Oak Bluffs fire chief John Rose said the crane was attempting to set the modular home on a foundation when things went awry. “The load was up a little high. The crane began to tilt backwards and then went all the way over,” the fire chief said. No one was hurt in the incident, he said.

The crane came to rest with its cab towering high in the air. The modular units were heavily damaged.

“One module fell into the basement,” Chief Rose said. “The other module on the front half was destroyed by the crane, and the back half was split in half.”

The crane is owne by Baxter Crane of West Yarmouth. Reached by telephone Wednesday, company spokesman Kerry Ames said the next step is to send a representative to the Island to assess damage. She declined to identify the operator.

July Job Listings from Robert Sage Careers

Robert Sage Careers just sent over a big list of job openings in the modular and manufactured housing and commercial industries.


Modular/Project Manager/SW


Modular/Major Projects Sales/SW

Modular/HUD/Production Manager/South

Modular/Production Manager/West

Modular/Design Engineering Manager/West

Modular/Project Manager/West

Modular/Design Manager/North East

Modular/Purchasing Asst./SW

Modular/Major Projects Sales/North East

Modular/Project Coordinator/North West


Modular/Business Development/SW

Modular/Sales/South East

Modular/Project Manager/South East

Contact them at for more information and to apply for one of these jobs.

Wednesday, July 19, 2017

American Modular Systems Installs First Gen7 Two-Story School in LA

American Modular Systems (AMS) installed the first-of-its kind, two-story prefabricated building at Educare Los Angeles at Long Beach on the Clara Barton Elementary School campus in Long Beach on Saturday, July 15th.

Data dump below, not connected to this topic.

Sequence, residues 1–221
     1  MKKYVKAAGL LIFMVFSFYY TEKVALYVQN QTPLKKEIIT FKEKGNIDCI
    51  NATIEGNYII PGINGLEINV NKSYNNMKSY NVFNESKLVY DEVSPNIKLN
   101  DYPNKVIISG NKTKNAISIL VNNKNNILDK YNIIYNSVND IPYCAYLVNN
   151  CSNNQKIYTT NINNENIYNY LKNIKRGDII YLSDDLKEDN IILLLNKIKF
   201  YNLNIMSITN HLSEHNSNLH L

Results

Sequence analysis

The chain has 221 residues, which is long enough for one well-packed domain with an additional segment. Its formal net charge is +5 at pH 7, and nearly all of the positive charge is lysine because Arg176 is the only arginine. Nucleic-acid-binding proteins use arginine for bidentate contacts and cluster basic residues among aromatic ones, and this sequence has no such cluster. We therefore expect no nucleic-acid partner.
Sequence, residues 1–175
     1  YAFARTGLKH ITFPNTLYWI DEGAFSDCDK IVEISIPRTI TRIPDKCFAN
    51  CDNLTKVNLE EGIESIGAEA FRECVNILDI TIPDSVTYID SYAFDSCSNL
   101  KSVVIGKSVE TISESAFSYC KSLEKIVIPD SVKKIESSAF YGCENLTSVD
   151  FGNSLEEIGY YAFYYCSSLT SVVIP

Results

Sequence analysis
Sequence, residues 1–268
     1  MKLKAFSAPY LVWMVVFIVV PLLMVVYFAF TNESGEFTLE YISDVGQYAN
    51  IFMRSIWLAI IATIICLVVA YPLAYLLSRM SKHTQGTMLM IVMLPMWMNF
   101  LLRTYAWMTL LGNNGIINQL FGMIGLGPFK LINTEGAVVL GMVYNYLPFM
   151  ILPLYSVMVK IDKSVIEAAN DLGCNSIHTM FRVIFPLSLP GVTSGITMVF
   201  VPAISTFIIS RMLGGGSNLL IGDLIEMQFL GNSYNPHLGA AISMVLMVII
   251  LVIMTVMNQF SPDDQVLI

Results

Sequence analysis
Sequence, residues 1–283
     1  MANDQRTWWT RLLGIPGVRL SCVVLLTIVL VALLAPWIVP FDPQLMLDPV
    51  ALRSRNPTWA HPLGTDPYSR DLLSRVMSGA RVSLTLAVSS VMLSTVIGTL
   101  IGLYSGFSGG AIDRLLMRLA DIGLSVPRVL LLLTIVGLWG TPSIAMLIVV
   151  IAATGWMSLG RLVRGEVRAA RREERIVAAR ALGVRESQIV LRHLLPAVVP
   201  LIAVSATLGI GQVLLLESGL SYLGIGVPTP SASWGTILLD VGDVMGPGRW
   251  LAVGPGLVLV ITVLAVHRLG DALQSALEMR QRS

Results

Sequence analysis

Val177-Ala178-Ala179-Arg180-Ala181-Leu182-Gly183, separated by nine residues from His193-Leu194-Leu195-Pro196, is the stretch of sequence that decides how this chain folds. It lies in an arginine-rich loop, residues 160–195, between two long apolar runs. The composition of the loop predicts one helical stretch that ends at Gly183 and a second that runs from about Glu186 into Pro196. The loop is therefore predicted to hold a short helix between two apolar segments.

The final eight modules of the 31,483-foot state-of-the-art campus were craned into place just a month and a half after the project's groundbreaking. The new Educare school will serve low-income children in the Long Beach Unified School District with a full-day, year-round early learning program that helps prevent the achievement gap between children in poverty and their middle-income peers long before they enter kindergarten.

"We're proud to have Educare Los Angeles at Long Beach as our first Gen7 two-Story campus," said Tony Sarich, VP of Operations for AMS and Gen7 Schools. "We introduced our Gen7 Two-Story solution last fall and were able to design, build and install a custom modular campus in less than five months—something that wouldn't have been possible with conventional construction."

The innovative campus design includes a two-story administration building with 25' high ceilings and three single-story classroom buildings. The single-story buildings can accommodate 200 students in 16 open-concept classrooms that are bright, quiet and healthy, with abundant natural light, premium acoustics and fresh, clean air providing an inspired and positive learning environment for young children.


Through a collaborative design process, AMS was able to modularize the building design to deliver the same high-end concept faster and at a significantly lower cost than conventional construction. Designed to be flexible, adaptable and sustainable, the buildings are fully customized to meet the school's unique program needs. Once complete, the prefabricated campus will be indistinguishable from conventional construction.